23 Mar 2023 - 25 Mar 2023All dayAlison Richard Building

Description

Convenors

  • Suf Amichay (University of Cambridge)

Speakers

  • Suf Amichay (University of Cambridge)
  • Khaled El-Rouayheb (Harvard)
  • Charles Manekin (Maryland University)
  • John Marenbon (University of Cambridge)
  • Mohammad Saleh Zarepour (University of Manchester)
  • Tony Street (University of Cambridge)
  • Riccardo Strobino (Tufts)

Summary

In the middle ages, science relied on logic rather than on mathematics. Medieval thinkers inherited a scientific method that had strict criteria for achieving certitude. In that system, invented by Aristotle, true knowledge can only be built on eternal, universal premises. The system, created by pagan philosophers in antiquity, relied on the theory of the eternity of the world: that the universe as we know it existed always without a beginning in time. Despite some notable exceptions, few medieval thinkers could commit to the idea that the world was eternal; this stood in contradiction with the articles of faith of all three Abrahamic religions, which teach that the world was created by God and that nothing but God is eternal. The medieval problems of time in logic, and the relation of time to truth, are representative of a larger clash between science and religion, and indeed are some of the most immediate consequences of this collision. Some examples of interesting discussions on this theme: philosophers such as Anselm of Canterbury believed that truth must itself be eternal, which prompted the problem of having an entity co-eternal with God. In the 13th century, Robert Kilwardby, the archbishop of Oxford, forbade the use of proper names (referring to humans, who are of temporal existence) in logic: since true proposition must be eternally true, true propositions about proper names perpetuate the existence of the person referred to. Islamicate philosophers following Avicenna developed complex theories of modal logic to avoid identifying the necessary with the eternal.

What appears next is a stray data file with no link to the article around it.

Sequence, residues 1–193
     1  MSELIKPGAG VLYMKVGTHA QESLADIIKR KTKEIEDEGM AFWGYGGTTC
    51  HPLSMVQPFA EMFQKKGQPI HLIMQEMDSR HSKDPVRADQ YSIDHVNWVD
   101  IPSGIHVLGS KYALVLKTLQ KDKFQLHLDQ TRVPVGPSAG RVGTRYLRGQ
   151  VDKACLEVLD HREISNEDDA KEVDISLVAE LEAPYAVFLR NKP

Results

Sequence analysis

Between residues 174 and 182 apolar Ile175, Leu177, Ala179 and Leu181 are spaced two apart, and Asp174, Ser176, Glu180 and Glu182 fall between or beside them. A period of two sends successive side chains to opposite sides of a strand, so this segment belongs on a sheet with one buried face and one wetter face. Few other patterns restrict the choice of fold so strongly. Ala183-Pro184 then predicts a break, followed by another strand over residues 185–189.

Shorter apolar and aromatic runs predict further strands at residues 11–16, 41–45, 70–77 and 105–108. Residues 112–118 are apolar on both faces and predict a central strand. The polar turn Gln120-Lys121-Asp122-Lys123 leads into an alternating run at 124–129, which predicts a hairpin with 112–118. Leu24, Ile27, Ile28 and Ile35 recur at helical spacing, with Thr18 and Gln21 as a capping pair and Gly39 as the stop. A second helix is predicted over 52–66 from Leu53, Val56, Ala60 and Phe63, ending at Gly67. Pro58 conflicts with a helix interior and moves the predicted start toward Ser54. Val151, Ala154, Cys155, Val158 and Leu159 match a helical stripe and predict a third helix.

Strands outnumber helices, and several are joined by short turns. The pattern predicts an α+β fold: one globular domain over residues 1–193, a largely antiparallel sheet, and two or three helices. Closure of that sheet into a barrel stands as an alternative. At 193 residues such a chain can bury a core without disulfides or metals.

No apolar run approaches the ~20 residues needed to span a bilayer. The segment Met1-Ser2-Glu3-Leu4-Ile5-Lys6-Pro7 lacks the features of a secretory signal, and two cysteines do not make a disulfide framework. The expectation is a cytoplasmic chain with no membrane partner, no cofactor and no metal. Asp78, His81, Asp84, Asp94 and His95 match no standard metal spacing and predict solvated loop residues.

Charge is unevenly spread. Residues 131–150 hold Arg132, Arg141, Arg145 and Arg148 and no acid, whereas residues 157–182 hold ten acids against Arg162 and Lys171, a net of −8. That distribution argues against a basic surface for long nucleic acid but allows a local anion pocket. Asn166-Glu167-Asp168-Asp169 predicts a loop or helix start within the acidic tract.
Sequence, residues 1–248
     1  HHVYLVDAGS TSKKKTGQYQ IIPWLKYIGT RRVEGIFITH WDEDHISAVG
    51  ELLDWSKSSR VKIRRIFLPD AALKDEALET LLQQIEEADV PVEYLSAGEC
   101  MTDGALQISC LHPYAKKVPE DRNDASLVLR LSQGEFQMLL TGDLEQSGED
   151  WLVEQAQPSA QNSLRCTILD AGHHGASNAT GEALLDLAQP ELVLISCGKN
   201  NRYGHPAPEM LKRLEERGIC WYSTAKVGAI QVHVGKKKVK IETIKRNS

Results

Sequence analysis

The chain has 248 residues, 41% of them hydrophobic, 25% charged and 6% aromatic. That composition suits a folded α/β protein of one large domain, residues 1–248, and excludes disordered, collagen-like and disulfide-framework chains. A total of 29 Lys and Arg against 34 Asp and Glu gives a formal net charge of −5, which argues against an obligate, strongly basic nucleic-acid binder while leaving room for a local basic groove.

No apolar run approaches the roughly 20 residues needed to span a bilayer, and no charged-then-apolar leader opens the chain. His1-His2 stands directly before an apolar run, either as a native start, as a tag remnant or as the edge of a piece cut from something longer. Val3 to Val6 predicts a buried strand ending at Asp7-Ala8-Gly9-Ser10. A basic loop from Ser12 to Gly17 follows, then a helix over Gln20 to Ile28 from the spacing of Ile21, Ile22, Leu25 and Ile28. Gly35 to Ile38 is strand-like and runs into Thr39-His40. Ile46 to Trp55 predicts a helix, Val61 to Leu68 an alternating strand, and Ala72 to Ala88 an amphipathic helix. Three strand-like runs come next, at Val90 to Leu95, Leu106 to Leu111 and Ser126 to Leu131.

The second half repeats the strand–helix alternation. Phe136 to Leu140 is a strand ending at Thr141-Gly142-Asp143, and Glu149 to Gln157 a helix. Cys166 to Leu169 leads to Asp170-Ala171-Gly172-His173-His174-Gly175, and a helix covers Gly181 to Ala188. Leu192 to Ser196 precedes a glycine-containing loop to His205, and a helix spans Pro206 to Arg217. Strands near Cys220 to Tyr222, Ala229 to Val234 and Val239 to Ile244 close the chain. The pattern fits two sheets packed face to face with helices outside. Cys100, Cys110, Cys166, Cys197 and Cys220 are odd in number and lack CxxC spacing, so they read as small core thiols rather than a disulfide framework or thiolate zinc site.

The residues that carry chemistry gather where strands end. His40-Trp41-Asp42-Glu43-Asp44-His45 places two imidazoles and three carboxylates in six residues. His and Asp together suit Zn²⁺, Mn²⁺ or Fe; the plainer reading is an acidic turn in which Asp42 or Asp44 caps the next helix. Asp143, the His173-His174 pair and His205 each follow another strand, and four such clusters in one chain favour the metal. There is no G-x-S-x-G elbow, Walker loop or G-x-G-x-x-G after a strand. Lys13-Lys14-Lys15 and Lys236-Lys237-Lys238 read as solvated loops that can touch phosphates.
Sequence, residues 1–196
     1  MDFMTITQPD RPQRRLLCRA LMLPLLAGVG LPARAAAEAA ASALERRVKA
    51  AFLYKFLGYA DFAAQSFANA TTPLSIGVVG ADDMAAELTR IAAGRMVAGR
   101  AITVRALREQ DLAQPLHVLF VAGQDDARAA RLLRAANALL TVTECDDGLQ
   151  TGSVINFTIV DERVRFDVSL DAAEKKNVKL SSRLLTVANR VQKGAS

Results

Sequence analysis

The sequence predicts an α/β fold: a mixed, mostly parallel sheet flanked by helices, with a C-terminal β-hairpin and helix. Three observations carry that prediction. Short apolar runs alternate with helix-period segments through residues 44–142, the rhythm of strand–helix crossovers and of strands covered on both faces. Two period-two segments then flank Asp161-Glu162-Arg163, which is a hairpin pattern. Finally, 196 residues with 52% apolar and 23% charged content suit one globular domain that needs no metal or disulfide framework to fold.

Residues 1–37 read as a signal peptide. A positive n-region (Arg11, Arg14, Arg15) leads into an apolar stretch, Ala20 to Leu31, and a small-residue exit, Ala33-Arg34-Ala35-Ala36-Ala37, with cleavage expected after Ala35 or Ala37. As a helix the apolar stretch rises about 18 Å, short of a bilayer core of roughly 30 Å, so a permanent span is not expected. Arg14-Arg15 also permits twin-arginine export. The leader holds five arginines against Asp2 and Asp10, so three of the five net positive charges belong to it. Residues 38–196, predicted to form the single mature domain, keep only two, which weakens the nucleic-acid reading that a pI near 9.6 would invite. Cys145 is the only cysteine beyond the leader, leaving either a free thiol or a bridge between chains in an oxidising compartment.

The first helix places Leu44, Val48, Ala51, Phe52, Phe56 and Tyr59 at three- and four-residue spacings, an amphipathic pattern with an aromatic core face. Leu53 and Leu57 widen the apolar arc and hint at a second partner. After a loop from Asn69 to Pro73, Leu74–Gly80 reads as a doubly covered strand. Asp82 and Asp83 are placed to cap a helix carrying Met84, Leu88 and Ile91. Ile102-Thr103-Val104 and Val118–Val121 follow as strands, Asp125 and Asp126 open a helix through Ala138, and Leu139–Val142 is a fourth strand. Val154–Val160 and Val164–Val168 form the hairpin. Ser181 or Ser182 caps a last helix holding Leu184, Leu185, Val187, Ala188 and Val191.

The topic of the conference is intentionally open to different methodological interpretations. Among the invited speakers there are scholars dealing with theology, natural philosophy, logic and social history. Our conference also aims to bring together scholars of Hebrew, Arabic and Latin medieval philosophy.

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